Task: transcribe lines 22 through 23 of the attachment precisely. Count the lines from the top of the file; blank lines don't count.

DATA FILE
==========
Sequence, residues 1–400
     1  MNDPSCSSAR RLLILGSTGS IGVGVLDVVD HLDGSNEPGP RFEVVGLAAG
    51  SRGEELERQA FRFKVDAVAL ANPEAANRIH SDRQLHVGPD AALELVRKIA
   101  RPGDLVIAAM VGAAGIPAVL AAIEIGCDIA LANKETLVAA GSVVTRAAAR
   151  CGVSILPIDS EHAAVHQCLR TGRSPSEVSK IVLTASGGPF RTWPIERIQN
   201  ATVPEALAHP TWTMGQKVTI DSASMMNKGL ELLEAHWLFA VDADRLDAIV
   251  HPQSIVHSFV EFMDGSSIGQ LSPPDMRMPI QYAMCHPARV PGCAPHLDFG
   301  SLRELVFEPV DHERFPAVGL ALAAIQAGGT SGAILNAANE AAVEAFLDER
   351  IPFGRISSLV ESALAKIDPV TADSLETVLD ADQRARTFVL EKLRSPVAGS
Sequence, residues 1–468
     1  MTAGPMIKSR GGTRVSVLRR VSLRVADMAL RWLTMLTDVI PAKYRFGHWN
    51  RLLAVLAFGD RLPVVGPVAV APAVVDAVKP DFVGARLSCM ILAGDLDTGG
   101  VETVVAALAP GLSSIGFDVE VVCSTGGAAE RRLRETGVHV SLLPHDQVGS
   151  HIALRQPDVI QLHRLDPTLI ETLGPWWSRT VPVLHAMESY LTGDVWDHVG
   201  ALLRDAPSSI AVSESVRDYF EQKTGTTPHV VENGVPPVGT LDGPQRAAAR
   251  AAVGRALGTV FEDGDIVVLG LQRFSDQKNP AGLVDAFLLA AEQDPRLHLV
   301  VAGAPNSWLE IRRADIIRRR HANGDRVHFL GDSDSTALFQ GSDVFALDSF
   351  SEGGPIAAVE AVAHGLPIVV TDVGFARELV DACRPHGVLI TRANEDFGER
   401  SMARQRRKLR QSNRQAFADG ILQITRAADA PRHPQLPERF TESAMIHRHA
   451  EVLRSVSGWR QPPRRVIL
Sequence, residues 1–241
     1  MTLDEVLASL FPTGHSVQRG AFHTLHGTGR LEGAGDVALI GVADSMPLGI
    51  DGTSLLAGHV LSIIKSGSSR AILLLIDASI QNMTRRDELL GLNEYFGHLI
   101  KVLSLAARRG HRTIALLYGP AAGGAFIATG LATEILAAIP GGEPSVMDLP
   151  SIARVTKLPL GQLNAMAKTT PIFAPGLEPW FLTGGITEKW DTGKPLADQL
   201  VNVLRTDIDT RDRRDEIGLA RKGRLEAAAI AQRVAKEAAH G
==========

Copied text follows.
     1  MTLDEVLASL FPTGHSVQRG AFHTLHGTGR LEGAGDVALI GVADSMPLGI
    51  DGTSLLAGHV LSIIKSGSSR AILLLIDASI QNMTRRDELL GLNEYFGHLI